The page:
Richard Plaud knows all to well that perseverance is key - that's how he got through the last eight years of building a massive Eiffel Tower replica out of more than 700,000 matchsticks.
Have a look at his incredible work here:
The Frenchman, 47, was understandably gutted after being told his staggering 7.19m (23.6ft) model of Paris' iconic landmark wouldn't earn a place in the history books as the world's tallest structure made out of matches.
Seen as though he spent nearly a decade of his life painstakingly putting it together, it's a bit of a kick in the teeth to say the least.
The Guinness World Records rejected his bid for a spot in it's annual book - after claiming that it was invalid - due to the type of matches he had used to create his masterpiece.
You see, Plaud used a bit of a shortcut. Instead of individually removing the bits of sulphur at the end of each match, and instead of making even more work for himself, he decided to get in touch with a match manufacturer.
He struck a deal and ended up getting sent thousands of sulphur-free matches for his Parisian inspired project, but the record adjudicators told him that only ‘commercially available’ matches qualify for the category.
Plaud was told that the heads of the matches would have had to be individually scratched off if he wanted his attempt to have a fighting chance.
The amateur sculptor was obviously pretty peed off about the decision and took to social media to vent his frustrations.
He claimed that the Guinness World Records had given their verdict without ever seeing his Eiffel Tower in person. In an Instagram post he said it was 'pretty astonishing, actually rather annoying' and 'not exactly fair play'.
Plaud fumed: "What hurts most is that they don't acknowledge the work that I put in, the time I spent, the mental energy - because I can tell you it was not easy.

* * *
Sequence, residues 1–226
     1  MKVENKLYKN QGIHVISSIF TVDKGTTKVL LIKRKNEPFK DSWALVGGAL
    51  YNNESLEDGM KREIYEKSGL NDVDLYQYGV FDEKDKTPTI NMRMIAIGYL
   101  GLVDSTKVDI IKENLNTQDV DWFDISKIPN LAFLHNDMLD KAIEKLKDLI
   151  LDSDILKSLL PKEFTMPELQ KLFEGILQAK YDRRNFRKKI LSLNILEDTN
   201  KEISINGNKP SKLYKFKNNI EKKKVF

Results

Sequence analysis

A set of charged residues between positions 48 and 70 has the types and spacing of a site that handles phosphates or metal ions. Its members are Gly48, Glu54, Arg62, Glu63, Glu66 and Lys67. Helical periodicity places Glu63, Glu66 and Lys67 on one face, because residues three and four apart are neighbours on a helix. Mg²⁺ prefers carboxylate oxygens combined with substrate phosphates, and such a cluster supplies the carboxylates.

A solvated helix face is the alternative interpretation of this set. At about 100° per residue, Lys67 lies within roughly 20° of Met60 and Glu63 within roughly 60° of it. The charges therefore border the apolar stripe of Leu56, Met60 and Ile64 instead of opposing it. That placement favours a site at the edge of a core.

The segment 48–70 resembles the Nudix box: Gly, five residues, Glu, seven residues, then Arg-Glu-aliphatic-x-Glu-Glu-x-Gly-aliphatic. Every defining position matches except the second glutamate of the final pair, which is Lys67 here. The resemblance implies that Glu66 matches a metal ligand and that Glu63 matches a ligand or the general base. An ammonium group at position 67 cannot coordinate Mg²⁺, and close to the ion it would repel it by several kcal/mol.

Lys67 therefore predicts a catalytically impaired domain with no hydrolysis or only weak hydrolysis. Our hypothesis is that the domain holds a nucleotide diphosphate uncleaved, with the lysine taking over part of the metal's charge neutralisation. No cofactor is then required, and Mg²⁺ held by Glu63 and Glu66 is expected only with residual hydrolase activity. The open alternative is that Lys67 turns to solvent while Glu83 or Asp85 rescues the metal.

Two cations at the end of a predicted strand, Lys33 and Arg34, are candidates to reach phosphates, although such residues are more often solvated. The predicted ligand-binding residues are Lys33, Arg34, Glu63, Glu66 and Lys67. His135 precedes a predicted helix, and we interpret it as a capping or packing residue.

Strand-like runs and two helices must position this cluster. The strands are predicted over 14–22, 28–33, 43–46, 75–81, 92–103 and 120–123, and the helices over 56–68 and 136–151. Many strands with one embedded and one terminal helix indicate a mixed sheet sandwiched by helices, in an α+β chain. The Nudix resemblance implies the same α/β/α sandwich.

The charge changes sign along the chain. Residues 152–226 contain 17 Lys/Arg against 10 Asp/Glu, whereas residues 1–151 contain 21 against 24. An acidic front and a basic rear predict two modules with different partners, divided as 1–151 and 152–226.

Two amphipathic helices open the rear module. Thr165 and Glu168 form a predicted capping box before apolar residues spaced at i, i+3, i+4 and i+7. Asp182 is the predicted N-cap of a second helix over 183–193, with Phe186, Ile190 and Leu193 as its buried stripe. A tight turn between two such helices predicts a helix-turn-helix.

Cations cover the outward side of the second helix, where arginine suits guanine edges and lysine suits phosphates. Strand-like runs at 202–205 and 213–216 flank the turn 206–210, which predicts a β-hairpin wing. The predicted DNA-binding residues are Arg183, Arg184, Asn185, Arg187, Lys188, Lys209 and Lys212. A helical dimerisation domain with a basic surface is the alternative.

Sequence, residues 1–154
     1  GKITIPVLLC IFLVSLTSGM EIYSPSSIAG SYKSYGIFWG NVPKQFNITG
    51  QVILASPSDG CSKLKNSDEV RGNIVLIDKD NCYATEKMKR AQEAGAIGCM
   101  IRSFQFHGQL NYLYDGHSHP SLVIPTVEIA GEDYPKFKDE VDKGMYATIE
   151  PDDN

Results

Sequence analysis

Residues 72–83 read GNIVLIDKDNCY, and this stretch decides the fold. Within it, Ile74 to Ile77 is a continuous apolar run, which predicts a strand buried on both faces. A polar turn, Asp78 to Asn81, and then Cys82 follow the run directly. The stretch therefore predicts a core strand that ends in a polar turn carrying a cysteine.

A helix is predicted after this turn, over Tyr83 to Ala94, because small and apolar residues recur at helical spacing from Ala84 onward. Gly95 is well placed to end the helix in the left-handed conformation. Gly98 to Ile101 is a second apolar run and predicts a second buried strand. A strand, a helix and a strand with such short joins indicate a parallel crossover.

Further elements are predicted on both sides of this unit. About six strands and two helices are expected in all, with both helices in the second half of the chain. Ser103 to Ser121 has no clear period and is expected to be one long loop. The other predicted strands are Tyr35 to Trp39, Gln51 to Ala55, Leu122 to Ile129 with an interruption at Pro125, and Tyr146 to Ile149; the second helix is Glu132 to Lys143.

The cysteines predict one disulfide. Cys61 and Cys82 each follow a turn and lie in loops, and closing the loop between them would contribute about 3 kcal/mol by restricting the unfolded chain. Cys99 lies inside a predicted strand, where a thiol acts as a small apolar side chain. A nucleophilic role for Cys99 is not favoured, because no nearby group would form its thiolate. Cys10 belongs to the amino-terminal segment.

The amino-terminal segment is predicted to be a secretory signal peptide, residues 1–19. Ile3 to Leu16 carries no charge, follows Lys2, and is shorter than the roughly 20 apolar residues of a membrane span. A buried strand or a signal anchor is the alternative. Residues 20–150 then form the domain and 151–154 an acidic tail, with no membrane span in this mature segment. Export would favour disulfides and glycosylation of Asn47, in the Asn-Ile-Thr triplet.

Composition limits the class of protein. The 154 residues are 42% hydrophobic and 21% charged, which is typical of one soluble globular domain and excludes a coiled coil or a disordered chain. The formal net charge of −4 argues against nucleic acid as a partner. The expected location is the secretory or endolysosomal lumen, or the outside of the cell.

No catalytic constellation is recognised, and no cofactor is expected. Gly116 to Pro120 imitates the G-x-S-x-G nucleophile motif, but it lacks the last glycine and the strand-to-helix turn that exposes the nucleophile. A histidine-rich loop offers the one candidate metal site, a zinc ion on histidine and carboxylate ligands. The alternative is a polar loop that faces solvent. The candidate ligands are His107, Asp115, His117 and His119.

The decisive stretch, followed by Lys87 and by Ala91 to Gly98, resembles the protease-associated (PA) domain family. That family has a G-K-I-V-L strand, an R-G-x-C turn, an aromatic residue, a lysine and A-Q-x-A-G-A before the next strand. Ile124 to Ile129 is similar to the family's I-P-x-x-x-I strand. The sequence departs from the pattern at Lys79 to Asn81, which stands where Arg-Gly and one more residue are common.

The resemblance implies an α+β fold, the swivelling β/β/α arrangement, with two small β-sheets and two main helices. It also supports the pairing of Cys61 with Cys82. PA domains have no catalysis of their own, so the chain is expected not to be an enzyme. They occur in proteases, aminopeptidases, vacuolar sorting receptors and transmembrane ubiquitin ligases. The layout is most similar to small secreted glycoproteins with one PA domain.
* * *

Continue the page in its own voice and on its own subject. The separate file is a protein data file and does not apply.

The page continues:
"BIG DISILLUSION, DISAPPOINTMENT AND INCOMPREHENSION. Tell me [how] the 706,900 rods stuck one by one are not matches!!?? And they are too cut to the point of being unrecognizable!!??"
In response, the Guinness World Records admitted that officials may have been a ‘little heavy handed’ in their decision making and promised to get in touch with the council worker to iron out the issue.
The director of central records services, Mark McKinley, has since revealed that Plaud has now been awarded the world record while apologising for the mix-up.
He told Metro: "We take a lot of pride in being as thorough as possible when reviewing evidence, because our rules and evidence requirements level the playing field for everyone, everywhere who wants to attempt a record.
"However, having learned more about the techniques used by the matchstick model community, and after a second review of this achievement in relation to similar record titles that we have awarded, it seems that we have been heavy-handed in the application of our rules in this case.
"We are therefore very happy to award Richard with the Guinness World Records title and we have corrected some inconsistencies within our rules which now allow the matchsticks to be snipped and shaped as the modeller sees fit.
"We regret the distress that the last 24 hours will have caused on what should have been a moment of celebration for Richard. I hope he’ll accept our belated congratulations on behalf of everyone at GWR on his truly impressive structure – and his new Guinness World Records title."
If this isn't a reminder to stick up for yourself and your hard work, I don't know what is.Featured Image Credit: Instagram/@toureiffelallumettes